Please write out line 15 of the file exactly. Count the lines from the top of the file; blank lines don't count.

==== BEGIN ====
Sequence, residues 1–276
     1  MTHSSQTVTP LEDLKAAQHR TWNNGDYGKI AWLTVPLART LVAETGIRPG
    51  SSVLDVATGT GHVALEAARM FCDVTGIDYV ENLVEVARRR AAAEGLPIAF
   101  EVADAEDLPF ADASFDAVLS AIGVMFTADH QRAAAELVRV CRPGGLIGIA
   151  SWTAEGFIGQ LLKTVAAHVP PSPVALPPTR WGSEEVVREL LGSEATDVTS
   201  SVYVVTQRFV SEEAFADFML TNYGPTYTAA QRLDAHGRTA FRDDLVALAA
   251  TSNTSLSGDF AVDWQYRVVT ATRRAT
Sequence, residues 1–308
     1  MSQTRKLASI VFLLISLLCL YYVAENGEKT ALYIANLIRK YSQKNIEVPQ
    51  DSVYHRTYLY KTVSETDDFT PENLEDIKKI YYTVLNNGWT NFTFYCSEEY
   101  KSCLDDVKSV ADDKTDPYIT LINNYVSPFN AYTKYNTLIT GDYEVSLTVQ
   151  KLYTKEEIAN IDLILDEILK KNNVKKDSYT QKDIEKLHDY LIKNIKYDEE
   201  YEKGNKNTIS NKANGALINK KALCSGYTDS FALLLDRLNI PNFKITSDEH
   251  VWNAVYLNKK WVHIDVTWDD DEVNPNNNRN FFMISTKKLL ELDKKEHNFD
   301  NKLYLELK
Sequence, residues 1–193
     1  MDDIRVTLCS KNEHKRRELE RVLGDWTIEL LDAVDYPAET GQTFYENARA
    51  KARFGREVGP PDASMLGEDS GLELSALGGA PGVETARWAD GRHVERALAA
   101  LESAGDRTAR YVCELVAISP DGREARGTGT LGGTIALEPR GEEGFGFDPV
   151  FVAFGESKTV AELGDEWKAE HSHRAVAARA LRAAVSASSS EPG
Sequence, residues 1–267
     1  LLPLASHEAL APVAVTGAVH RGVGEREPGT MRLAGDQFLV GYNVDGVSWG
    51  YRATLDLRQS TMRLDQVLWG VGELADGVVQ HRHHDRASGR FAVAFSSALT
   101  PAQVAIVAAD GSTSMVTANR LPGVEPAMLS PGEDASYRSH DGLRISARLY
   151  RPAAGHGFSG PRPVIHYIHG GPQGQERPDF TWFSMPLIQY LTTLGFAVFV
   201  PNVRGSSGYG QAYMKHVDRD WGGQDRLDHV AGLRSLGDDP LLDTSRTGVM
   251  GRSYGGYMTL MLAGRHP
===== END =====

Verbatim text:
   301  NKLYLELK